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These are the longform features worth bookmarking and revisiting from the past year. 

Virality is a cruel mistress.

Just when you think you have it all figured out, the momentum shifts, the algorithm changes, and you’re left right back where you started, fumbling with search-engine optimization. Web traffic can be volatile and at times painfully arbitrary, blossoming or trailing off in completely unexpected ways.

At the Daily Dot, we spend a great deal of time strategizing not only about the types of stories we’re going to pursue—the deeply reported investigative pieces, the engaging portraits of the Internet famous, the breaking news, and quick-hit oddities from around the Web—but how we’re going to get them in front of our intended audience.

It’s a frustrating but necessary exercise, a cycle that never quite ends and is constantly being reevaluated. For that rare combination of timing, exclusivity, and keyword magic is fleeting at best, and sometimes the needed signal boost from social traffic drivers and content curators like Digg, Fark, and Reddit just never arrives, no matter how many tips and tweets you send.

Sometimes, you just get lucky.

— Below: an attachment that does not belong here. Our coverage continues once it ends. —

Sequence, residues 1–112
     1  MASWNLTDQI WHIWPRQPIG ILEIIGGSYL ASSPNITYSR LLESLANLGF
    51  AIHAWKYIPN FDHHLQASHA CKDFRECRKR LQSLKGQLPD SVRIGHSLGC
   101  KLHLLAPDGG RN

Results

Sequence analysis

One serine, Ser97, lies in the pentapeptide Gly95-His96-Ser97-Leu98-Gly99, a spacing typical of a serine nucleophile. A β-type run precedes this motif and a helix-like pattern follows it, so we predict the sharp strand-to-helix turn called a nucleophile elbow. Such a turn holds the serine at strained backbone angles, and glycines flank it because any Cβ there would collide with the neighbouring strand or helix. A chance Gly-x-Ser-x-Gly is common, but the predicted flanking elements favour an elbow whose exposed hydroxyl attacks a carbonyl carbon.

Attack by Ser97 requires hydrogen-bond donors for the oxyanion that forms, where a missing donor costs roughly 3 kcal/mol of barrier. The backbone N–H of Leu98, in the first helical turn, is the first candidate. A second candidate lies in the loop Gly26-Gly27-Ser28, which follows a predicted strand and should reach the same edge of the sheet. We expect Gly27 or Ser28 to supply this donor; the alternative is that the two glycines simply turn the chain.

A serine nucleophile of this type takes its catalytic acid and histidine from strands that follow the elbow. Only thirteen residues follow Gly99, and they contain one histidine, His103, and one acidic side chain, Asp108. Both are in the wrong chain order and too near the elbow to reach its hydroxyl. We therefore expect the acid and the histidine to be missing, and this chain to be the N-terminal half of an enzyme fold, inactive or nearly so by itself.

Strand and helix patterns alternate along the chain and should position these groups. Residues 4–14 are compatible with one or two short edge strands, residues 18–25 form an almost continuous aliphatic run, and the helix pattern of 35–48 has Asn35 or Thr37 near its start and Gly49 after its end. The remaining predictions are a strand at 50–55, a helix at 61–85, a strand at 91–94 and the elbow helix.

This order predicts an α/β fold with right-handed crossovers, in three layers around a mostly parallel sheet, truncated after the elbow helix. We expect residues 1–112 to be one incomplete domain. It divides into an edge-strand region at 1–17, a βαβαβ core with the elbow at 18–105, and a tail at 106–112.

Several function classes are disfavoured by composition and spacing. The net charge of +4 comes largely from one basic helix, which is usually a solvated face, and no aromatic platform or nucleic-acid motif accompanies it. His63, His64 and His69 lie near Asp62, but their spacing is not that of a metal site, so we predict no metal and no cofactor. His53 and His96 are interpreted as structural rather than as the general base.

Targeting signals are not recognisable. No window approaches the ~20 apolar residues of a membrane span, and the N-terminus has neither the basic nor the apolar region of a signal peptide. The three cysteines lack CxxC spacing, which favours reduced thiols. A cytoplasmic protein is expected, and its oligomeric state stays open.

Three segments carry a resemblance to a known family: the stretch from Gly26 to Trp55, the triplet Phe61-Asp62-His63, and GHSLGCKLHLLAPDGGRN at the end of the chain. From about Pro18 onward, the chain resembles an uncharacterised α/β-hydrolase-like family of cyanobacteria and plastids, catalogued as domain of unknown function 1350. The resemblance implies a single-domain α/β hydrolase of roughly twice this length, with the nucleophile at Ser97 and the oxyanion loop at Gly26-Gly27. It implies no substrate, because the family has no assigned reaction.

Just as often, you don’t.

With that in mind, we compiled a list of editors’ picks for 2013—a digital sampler of our agenda-driving coverage—with an emphasis on the stories that, despite our best efforts, never received the recognition they deserved. Thanks for reading. It's been an incredible year.

The greatest movie that never was by Kevin Morris


 

The sentencing of Jeremy Hammond, hacker and flawed revolutionary by Joe Kloc


 

Now 10 years old, 4chan is the most important site you never visit” by Fernando Alfonso III


 

I bought myself 60,000 YouTube views for Christmas by Chase Hoffberger


 

Soles for Sale” by Chris Kluwe


 

The rise and fall of Silk Road's heroin kingpin” by Patrick Howell O'Neill


 

The battle to destroy Wikipedia's biggest sockpuppet army” by Simon Owens


 

Lasers, drones, and barges: The stock market's technological arms race by Aaron Sankin


 

How the Internet's creepiest meme mutated from thought experiment to Hollywood blockbuster by Miles Klee


 

Inside GirlTime, Lil B's Twitter-selfie cult by Audra Schroeder


 

The heartbreaking saga of Zhu Ling by Kevin Morris 


 

A DIY Internet grows in Brooklyn by Joe Kloc


 

GoneWild: The everyday lives of Reddit's amateur porn stars by Gaby Dunn


 

The real origins of Tumblr by Fernando Alfonso III


 

The crumbling of the fourth wall: Why fandom shouldn't hide anymore” by Aja Romano


 

Battling depression through video games by Tim Sampson


 

How the NSA used 9/11 to collect your telephone metadata” by Kevin Collier


 

The great defriending of Facebook by Kevin Morris


 

How YouTube is failing women” by Gaby Dunn


 

The death and life of great Internet cities” by Joe Kloc


 

How the Internet powered a DIY drug revolution by Patrick Howell O'Neill


 

The dangerous life of Instagram's playboy king” by Cooper Fleishman


 

Investigating the 'Psychology of Cosplay' by Lisa Granshaw


 

How young is too young for porn? by EJ Dickson


 

Inside Twitch, the site powering the eSports revolution by Kevin Morris